We like our heroes to be human in this day and age.  The braggadocio of an Achilles or a Hector, when seen in a contemporary light, is more often taken as a sign of mental disorder.  Kurt Wallander is, as we say, married to his job, but he lacks confidence and always wonders if he's missing something.  He has few friends, drinks too much, lives in an isolated farmhouse, and is closest to his dog Jussi.  I picture his world in shades of grey, with a cold rain on a bad day.  The melancholy atmosphere suits the story and the people in it, yet it is not oppressive.  Perhaps it's knowing that the world I live in is more brightly colored than Kurt's that allows me to contemplate his bleak canvas with equanimity.

Sunday, April 17, 2011

It May Not Be the Way You Think It Was

Yesterday I read an essay by Nicholson Baker (in Harper's) wherein he explains why he is a pacifist.  His argument is not one I had heard before.  He talks about the "good war" that obviously has to be fought and points to World War II as America's default good war.  We HAD to fight Hitler, didn't we?  Neville Chamberlain was wrong, wasn't he?  Civilization itself was at stake.  Or maybe not.

In an argument that is carefully constructed and amply supported by data, Baker blames the wholesale massacre of European Jews at least partly on America's war policy.  Hitler virtually held the Jewish population hostage in order to keep America out of the war.  Once we entered the field of battle, he immediately ordered mass extermination.  The Jews no longer had any value.  This may sound far-fetched, but Baker's argument makes sense.  The most important thing, he says, is the preservation of life.  Nothing else compares to that.  The desire for revenge, while understandable, leads only to more death.  Rather than bombing Dresden, America and the Jews would have been better served by getting as many Jews out of Germany as possible, but as we all remember, Jews weren't always welcome, even in the United States, and boatloads of Jews were turned away from our ports.  Could we have "bought" the Jews through trade agreements or at least have shepherded them to safety by stalling for time?  Hitler had Parkinson's disease.  Might we simply have waited for him to die, maneuvering furiously behind the scenes to support the resistance?  As we have seen time and again, when the leader of a cult dies, the cult dissolves. 

In recent days I have also read about Russians who still consider Stalin one of the four greatest Soviet heroes and Chinese who believe Americans have never heard of Marx, and I wonder if in this information age we inhabit we aren't ironically as misinformed and misguided as those hapless Russians.  We congratulate ourselves on our free press, our open access to information, our ability to speak truth to power, yet everywhere I look I see evidence of misdirection and obfuscation.  More than ever, I appreciate Pope's observation that "a little learning is a dangerous thing."  We are so awash in "news" that headlines substitute for history.  The demands of contemporary life eliminate time for serious reflection, and our educational system is obsessed with teaching skills and measuring outcomes.  Our children are too often as busy as we are, as distracted by entertaining glitter, as likely to avoid boredom by the easiest means.  It is a facile and perhaps gratuitous comparison, but like the Japanese we are hit by a tsunami--a tsunami of work, consumption, and an unconsidered race for material success.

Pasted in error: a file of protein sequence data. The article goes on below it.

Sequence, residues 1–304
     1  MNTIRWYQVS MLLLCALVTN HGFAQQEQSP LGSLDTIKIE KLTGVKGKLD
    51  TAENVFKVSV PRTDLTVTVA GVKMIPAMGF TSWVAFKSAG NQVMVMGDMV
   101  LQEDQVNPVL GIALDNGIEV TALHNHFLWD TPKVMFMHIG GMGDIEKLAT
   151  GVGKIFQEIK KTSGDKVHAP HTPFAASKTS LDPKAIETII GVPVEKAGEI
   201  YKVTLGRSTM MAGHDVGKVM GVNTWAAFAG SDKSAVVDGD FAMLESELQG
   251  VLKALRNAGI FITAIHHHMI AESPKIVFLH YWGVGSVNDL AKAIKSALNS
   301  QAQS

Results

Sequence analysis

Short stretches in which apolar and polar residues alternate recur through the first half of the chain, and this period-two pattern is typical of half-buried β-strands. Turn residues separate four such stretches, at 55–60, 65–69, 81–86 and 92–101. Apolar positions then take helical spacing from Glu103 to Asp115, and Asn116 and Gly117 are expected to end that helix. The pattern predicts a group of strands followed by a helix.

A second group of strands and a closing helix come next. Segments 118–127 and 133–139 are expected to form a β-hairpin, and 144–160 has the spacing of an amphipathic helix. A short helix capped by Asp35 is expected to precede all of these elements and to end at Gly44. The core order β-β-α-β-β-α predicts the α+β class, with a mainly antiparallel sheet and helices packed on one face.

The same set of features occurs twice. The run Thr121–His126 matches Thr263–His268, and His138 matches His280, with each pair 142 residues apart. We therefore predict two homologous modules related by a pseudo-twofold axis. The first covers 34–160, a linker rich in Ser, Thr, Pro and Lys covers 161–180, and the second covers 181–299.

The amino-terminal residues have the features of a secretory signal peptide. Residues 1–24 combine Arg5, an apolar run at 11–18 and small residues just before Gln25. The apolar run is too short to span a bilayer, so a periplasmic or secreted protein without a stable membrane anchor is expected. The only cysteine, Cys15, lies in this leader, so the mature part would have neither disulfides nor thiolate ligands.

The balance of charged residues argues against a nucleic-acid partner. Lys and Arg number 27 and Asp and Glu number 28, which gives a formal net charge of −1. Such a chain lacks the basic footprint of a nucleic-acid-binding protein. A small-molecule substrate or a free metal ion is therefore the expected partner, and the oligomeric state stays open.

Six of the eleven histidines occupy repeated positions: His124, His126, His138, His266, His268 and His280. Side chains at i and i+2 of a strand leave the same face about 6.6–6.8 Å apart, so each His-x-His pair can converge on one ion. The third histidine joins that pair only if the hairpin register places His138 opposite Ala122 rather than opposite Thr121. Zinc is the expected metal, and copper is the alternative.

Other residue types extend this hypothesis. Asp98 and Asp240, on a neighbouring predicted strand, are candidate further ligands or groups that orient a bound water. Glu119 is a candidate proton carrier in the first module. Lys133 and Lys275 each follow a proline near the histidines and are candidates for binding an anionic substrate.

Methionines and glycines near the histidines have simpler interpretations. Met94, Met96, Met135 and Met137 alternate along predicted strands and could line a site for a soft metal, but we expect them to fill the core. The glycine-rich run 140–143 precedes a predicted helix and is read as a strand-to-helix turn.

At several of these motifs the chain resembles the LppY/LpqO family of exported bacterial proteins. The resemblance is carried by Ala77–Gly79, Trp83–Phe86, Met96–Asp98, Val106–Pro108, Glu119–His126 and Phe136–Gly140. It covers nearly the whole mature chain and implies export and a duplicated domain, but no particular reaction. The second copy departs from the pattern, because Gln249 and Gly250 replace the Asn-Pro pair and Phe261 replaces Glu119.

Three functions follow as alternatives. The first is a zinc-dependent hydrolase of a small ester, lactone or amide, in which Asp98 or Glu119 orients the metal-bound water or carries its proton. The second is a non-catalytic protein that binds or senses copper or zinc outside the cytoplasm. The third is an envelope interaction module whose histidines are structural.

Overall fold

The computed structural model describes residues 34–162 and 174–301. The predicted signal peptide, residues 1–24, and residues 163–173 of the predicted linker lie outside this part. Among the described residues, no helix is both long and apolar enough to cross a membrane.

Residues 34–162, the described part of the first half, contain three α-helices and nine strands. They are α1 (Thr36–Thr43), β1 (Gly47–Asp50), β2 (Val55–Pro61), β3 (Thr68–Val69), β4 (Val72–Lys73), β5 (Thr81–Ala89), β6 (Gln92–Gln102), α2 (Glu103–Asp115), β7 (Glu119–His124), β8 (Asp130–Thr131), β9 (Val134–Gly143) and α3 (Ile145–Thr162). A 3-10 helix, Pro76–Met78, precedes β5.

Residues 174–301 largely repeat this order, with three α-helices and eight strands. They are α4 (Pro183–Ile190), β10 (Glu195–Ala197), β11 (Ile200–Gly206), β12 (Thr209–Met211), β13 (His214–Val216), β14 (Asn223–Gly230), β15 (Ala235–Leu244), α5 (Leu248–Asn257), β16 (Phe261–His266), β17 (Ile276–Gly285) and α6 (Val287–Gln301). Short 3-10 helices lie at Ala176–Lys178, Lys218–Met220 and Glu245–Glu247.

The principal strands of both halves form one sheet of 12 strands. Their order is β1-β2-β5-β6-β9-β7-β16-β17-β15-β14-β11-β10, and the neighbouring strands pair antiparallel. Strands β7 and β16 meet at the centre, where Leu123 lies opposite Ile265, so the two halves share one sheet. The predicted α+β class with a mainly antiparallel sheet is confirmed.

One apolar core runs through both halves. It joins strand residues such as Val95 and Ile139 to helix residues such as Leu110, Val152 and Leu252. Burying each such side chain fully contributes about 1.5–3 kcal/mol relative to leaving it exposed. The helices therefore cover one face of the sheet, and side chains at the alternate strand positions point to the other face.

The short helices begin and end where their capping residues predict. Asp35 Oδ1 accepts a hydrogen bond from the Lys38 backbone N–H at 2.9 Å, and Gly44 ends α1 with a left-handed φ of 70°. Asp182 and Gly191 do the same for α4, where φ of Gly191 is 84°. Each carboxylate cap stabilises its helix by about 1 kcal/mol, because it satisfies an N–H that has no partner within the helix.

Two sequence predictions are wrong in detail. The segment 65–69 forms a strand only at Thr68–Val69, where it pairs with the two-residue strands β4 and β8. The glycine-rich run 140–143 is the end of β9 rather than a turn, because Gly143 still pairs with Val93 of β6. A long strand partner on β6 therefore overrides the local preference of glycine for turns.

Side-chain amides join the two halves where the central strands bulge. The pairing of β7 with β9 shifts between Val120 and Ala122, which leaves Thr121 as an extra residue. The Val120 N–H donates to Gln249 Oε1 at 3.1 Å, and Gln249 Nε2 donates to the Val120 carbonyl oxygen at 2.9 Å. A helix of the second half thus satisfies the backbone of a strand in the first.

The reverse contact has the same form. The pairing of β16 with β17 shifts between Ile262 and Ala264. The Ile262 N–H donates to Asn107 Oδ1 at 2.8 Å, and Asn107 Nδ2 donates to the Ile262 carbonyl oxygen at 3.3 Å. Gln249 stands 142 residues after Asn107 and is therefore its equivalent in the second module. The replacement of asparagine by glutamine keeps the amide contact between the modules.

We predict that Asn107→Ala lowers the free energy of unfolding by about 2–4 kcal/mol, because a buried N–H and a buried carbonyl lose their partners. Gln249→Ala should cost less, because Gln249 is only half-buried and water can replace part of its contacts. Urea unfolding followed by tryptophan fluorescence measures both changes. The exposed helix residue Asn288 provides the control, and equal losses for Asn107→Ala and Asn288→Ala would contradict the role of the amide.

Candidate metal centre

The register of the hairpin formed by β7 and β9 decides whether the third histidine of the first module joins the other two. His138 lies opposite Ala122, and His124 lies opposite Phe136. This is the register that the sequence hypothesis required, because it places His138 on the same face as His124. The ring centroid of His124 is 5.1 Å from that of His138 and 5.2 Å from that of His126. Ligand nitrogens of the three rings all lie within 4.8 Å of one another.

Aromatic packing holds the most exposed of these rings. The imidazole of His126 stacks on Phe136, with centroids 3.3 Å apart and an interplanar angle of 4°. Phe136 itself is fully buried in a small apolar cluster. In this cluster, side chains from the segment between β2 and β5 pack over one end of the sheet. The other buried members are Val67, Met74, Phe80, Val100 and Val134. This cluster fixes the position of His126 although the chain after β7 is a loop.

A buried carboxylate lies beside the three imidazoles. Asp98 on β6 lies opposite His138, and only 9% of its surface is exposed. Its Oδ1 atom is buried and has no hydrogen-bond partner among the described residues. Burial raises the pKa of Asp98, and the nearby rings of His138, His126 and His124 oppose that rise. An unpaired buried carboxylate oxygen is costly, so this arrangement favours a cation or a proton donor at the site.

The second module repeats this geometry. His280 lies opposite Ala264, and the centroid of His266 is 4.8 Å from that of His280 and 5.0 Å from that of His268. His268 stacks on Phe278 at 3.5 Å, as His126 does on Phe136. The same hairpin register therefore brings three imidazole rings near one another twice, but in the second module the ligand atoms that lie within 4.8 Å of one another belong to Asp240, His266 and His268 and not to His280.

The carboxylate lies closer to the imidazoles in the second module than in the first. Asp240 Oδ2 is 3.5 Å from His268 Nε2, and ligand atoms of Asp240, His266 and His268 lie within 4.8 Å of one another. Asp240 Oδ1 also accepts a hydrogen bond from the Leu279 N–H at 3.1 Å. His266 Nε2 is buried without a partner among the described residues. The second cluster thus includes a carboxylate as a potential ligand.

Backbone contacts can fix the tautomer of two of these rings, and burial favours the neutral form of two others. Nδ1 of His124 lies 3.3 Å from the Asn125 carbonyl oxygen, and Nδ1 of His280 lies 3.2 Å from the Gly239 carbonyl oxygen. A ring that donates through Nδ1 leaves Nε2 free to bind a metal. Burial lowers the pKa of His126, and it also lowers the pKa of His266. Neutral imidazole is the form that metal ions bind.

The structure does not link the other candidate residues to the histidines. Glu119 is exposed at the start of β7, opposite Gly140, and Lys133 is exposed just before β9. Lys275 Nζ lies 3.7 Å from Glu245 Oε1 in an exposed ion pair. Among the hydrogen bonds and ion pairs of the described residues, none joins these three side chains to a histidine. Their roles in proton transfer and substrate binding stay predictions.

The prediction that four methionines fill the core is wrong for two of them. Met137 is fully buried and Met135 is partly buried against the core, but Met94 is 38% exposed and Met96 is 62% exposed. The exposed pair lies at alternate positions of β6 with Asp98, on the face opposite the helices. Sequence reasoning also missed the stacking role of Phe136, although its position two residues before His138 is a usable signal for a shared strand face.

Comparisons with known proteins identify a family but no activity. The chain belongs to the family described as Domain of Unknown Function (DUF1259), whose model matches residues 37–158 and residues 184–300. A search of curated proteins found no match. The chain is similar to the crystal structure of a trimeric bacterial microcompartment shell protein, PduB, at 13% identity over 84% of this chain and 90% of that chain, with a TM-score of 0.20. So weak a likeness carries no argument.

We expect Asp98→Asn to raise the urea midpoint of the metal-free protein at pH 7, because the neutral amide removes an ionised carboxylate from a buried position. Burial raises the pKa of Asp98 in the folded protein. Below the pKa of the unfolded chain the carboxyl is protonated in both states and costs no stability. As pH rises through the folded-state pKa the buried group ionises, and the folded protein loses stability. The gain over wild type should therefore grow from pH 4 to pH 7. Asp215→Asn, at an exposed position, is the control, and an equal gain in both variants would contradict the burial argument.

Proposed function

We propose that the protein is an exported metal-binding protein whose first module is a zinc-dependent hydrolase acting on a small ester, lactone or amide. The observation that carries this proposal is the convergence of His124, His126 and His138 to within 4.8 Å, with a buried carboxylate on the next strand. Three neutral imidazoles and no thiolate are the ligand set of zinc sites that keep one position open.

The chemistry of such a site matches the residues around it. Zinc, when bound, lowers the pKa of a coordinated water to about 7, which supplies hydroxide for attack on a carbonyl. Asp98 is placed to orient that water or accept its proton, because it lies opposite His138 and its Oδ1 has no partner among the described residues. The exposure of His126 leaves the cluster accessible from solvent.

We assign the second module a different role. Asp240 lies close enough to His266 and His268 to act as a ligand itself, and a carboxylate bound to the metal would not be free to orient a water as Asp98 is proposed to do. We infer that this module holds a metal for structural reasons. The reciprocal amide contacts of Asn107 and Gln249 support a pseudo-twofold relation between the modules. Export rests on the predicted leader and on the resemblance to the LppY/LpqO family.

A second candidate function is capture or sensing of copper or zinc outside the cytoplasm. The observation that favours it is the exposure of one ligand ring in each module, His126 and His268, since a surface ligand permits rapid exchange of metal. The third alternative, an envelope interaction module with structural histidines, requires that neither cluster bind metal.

If this were not so, why then did so many of our brightest young minds choose Wall Street and wealth rather than service to the public good?  Education is supposed to raise all boats, but this lie is borne out every time the gap between the very rich and the struggling majority widens.  Difference of opinion presents itself as self-righteousness, and changing one's mind in response to circumstances or new information is seen as lack of character.  Of course, changing one's words to fit the moment is just as often a cynical ploy to be on the popular side du jour.  Reasoned argument, reliance on evidence, the ability to be skeptical about even one's own cherished beliefs are so far removed from our public discourse as to be practically invisible.  I may be my own best example.  I have never questioned the necessity of our entrance into World War II.  I honor those who sacrificed and endured and were brave.  But yesterday I questioned for the first time the interpretation of the war that I have been taught since the cradle.  I was reminded that the most important thing is life itself and that our ways of protecting it too often fall short.  I was reminded that an open mind is essential to mental freedom.

Tuesday, April 12, 2011

The Loveliness of a Spring Evening

I wish I could capture in words the evanescent beauty of this spring evening.  The air is refreshed by a light rain, the light is muted, and the white wisteria and dogwood glow in the muted air.  Everything is saturated with green, and the wisteria's scent hovers above the uncut grass.   A mourning dove coos somewhere in the distance, reminding me of my grandmother's house, where as a child I listened to the doves' mournful cries and felt drawn to distant, unknown destinations.  Is it time or distance I wish to step into?  The most beautiful things are those glimpsed out of the corner of the eye, gone before grasped, lost but remembered.  Is this what age brings in its wake: the perception of all those transcendent moments that could not be held, could not endure?  Is there an aged memory that gathers up the white petals that have fallen like a benediction?  The light fades, the white blooms retreat into dark shadows, where they wait for eternity.